The Professor was followed by a speech by Mark C. Henrie, President of the Arthur N. Rupe Foundation. He said that migrants coming to America find it difficult to adapt to local conditions. Mark C. Henrie pointed out that today cancel culture is openly at work, and it is getting more and more brutal in American culture. According to the American conservative politician, people simply cannot speak their minds openly because then they are at risk of cancel culture. He said that there are forms of expression and sayings that every society wants to limit, because every society has its sacred things, yet in the contemporary world, what used to be sacred is now replaced by new sacred things (for example, the sanctity of marriage and sexuality used to be taboo, but now it is quite different and open). Henrie says this does not bring equality.

Mark C. Henrie’s speech was followed by a round table discussion, with the participation of Prof. Dr. Mária Schmidt, Director General of the House of Terror Museum, Szilárd Demeter, Director of the Petőfi Literary Museum and Gábor Megadja, Director of the Research Institute for Political Thought at Századvég Foundation. They discussed what has changed in terms of free speech since the 1960s.

Mária Schmidt said free speech means that opinions can be expressed. However, there is an “absurd trend”: the complete reduction of the role of the state, the outsourcing of all its functions to private companies, which then regulate what fits within the framework of freedom of speech, but they do not do so on the basis of rules,” the Director General of the House of Terror Museum stressed.

According to Mária Schmidt,

it is “a great thing” that in Hungary you can read opinions from all sides, which shows balance.

Szilárd Demeter said that consumers of culture are passive, while those who carry culture are active actors who participate in shaping culture, but today people have been “pushed” into the role of consumers of culture. He cited the “Me too” campaign as an example, where people were accused of abusive behaviour at work and were publicly “executed” for it. In his opinion, this raises a problem: according to the law, a person is guilty only after an independent court has declared him/her guilty, but this was overturned by “Me too”, because there was no evidence, people were convicted on the basis of hearsay.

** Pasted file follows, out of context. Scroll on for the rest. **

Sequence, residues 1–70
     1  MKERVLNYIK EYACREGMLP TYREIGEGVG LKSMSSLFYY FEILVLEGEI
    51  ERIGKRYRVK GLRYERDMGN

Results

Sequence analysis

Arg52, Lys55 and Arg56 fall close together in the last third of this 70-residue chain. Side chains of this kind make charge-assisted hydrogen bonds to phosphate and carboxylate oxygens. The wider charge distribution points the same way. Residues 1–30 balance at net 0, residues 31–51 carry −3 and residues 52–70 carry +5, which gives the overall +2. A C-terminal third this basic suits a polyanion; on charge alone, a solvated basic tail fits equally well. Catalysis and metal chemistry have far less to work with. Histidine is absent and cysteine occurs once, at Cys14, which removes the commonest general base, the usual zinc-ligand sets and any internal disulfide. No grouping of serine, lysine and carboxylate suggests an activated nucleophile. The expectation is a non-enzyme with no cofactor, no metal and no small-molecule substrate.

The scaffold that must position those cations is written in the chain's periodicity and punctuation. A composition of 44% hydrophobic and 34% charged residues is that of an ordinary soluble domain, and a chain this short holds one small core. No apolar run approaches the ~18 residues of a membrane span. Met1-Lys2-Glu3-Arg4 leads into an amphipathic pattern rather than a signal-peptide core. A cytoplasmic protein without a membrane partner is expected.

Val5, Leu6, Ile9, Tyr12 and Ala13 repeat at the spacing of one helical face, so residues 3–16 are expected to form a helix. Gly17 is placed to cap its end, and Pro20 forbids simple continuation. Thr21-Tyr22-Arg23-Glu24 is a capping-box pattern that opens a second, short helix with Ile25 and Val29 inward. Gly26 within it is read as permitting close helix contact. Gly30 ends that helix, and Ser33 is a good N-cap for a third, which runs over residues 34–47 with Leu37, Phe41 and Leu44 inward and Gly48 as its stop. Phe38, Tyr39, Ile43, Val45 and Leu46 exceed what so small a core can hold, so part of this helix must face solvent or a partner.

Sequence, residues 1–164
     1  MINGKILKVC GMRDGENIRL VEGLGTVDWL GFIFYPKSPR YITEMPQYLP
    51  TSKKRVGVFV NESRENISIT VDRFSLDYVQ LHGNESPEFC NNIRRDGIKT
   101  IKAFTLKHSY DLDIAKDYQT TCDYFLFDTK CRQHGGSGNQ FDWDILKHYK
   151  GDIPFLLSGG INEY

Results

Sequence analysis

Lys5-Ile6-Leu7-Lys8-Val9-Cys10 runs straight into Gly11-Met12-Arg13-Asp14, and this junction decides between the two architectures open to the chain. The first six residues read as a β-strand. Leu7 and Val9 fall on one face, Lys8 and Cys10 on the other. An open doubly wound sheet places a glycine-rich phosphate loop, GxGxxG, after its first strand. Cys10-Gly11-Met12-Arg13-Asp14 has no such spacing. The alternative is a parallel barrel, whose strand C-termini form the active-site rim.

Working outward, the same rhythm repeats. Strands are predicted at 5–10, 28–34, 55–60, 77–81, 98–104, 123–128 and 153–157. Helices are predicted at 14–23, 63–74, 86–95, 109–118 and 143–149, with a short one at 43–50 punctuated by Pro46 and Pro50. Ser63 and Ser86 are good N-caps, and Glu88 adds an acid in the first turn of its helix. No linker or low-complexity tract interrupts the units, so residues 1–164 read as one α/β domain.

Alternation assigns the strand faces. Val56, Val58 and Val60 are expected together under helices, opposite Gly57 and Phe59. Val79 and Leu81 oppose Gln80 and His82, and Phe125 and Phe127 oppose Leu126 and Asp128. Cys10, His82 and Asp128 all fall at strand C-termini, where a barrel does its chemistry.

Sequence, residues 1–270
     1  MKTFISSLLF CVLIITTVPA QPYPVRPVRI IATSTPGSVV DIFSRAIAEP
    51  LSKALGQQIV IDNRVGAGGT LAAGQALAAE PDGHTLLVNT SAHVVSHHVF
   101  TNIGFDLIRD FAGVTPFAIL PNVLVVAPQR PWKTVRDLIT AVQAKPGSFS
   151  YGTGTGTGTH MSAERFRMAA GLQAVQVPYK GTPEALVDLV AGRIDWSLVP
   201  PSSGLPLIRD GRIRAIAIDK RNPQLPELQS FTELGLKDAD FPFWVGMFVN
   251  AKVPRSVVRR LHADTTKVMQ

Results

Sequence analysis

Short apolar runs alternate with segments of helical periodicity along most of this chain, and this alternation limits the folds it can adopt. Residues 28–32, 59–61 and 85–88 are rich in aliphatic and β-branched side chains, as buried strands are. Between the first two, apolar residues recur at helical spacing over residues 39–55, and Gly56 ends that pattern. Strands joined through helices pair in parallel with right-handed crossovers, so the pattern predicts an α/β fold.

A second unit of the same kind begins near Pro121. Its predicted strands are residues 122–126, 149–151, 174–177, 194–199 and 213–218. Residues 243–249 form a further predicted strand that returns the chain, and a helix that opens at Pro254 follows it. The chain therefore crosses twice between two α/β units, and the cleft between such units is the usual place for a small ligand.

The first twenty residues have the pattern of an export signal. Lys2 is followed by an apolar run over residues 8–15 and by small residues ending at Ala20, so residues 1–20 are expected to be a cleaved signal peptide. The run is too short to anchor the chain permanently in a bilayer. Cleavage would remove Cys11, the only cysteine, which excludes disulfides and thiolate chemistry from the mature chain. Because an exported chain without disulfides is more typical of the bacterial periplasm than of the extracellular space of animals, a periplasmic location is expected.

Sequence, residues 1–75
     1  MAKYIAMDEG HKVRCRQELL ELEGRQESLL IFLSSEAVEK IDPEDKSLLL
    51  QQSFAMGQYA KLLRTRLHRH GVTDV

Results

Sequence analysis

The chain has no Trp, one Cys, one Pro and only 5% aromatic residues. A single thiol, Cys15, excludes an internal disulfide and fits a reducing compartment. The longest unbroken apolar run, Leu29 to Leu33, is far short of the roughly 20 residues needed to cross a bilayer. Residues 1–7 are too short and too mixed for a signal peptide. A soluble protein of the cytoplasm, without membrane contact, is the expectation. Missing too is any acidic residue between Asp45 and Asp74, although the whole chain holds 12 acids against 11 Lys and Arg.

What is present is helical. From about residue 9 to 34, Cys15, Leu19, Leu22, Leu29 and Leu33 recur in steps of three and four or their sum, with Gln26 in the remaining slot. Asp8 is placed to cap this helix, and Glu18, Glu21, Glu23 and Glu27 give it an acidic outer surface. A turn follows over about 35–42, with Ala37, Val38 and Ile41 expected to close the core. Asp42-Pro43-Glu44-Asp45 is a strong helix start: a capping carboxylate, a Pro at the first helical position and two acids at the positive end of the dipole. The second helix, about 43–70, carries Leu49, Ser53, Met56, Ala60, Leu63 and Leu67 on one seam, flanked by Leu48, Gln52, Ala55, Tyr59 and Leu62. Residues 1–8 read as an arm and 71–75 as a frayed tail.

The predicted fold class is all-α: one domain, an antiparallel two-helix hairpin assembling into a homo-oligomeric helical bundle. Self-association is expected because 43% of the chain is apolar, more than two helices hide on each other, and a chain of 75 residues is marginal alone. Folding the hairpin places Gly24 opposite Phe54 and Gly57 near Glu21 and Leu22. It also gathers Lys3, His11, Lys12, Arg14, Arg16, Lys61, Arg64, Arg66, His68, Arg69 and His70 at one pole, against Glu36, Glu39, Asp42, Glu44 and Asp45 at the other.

Szilárd Demeter also said that

debate is possible when there is a common premise, but this is disappearing, because everyone is just expressing their ideas, which do not come into contact with one another.

Dr András Koltay, President of the National Media and Infocommunications Authority and Chairman of the Media Council, also spoke at the conference, stressing that

legal protection of free speech alone cannot create quality public discourse, and therefore social norms are undoubtedly needed.

In his speech, András Koltay explained the differences between the legal category of freedom of speech and reality, and said that the state must ensure freedom of speech through legal means, while in society, free speech is limited by cultural norms based on common agreement, ideally based on the principle of mutual respect.

However, he noted that online debates are now won by the person who shouts the loudest. The fact that everyone has the chance to speak out on the internet is both a blessing and a curse, as it allows many more people to speak out, but it also means that there are a lot of less valuable ideas and malicious speakers.

Another speaker at the conference was Alvino-Mario Fantini, Editor-in-Chief of European Conservative, who said that there is a rather selective sensitivity to freedom of speech on the progressive left. Under the banner of freedom of expression, they defend any expression that seeks to subvert traditional concepts and practices, while at the same time they seek to restrict free speech by any means necessary when it is in defence of tradition.